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Malfunction Flowchart

Julian Barthel, who brought us the Canopy Collision Cone, unveils his Malfunctions Flowchart…

Lineover Malfunction
Lineover Malfunction

#EveryDayisSafetyDay

With the USPA Safety Day being held at US and foreign affiliate dropzones alike, one cannot help but come across the slogan #EveryDayisSafetyDay on social media…

This is a reminder of how we should stay on top of our procedures – not only once a year – but that it is a constant effort. Emergency procedures should be regularly reviewed, especially but not exclusively during the first couple of hundred jumps, to ensure currency and appropriate muscle memory when execution is required.

The sad reality is that some skydivers looked at malfunction procedures the last time when they completed their A-License required emergency reviews, or maybe last Safety Day. Every USPA instructor and instructional rating holder will remember from their coach course that in as short a period as 30 days without repetition after initial training, 90% or more of the information will be forgotten.

In 30 days without repetition, 90% of the information will be forgotten

Malfunction Flowchart

So maybe an easy-to-use, one-page flowchart that can be quickly consulted would make a regular review easier for students and experienced skydivers alike…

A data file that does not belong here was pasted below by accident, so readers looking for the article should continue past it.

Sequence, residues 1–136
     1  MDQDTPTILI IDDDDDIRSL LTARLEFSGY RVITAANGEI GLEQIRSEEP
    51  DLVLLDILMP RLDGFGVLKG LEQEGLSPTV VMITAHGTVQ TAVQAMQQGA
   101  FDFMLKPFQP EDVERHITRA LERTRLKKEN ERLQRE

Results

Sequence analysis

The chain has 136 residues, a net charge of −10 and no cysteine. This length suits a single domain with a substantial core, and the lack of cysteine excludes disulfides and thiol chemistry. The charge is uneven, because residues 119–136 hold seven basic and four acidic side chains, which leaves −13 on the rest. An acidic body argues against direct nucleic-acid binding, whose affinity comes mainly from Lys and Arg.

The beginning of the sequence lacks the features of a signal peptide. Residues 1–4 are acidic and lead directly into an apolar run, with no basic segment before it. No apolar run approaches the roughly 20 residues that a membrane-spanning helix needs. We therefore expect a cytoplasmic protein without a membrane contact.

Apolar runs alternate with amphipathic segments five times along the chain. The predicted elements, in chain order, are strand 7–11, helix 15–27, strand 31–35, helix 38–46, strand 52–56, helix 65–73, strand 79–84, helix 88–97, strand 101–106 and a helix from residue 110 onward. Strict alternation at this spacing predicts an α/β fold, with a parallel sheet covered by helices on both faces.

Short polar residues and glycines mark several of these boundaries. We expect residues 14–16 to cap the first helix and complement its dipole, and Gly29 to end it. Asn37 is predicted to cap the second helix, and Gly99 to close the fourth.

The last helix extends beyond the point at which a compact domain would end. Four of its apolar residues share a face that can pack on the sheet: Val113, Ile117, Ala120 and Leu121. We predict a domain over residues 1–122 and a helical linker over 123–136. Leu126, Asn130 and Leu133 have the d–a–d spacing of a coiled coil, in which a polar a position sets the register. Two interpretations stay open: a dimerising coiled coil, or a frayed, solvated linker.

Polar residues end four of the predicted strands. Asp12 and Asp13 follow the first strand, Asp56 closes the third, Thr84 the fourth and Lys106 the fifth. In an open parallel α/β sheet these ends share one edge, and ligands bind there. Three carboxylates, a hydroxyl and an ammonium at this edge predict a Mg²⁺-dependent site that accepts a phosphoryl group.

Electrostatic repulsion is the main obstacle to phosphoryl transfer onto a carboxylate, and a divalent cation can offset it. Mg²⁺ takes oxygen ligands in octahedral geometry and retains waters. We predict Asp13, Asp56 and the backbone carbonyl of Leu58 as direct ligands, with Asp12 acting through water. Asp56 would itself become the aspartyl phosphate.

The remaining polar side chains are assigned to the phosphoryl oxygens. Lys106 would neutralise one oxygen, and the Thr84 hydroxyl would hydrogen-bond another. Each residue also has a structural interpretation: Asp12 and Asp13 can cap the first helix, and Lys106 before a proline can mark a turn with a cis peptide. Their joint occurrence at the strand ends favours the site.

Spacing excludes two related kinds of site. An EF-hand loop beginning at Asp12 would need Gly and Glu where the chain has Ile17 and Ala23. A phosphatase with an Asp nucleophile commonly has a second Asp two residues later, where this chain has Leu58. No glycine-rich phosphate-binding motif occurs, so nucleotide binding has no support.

The Malfunctions Flowchart
The Malfunctions Flowchart

Aim

The purpose of this graphic is to give a compact overview of the most common malfunctions and their classifications, as well as the appropriate actions that should be taken in each case. It’s designed as a comprehensive, user-friendly checklist, for instructors in ground schools as well as a guide for novice and advanced jumpers for emergency reviews on a regular basis, after the ground school and A-license training. You can download below.

Notes

  1. Since this graphic is aimed especially towards lower experience skydivers, a conservative “decide and act” altitude of 2,500ft/800m was chosen. As experience increases, some skydivers may choose to lower that decision altitude.
  2. 2,500 feet is actually equal to 762m, but for practical purposes with analog altimeters that are common to use for students and novice skydivers, 800m was chosen.
  3. The emergency keywords are displayed for “one-hand-per-handle” procedures, executing an action with each syllable. If you have learnt different words or two-handed procedures, obviously stick with what works for you.
Bag lock malfunction — by Lesley Gale
Bag lock malfunction — by Lesley Gale

Practice your EPs!

Practice with proper visualization goes a long way, so I recommend you use this graphic in combination with this excellent set of malfunction pictures put online by Performance Designs: here. You can find the picture set all the way on the bottom with a PDF download option.

Download the Flowchart

We have put the Flowchart online as a free download in various sizes, see below. Please print a copy for your DZ or AFF School wall. I hope you find it useful. Stay Safe!

Downloads

Europe

USA

by Lesley Gale
by Lesley Gale

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Canopy Collision Cone

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Dan BC shares three concepts that saved his life on more than 30 malfunctions. When was the last time you practised your EPs?…

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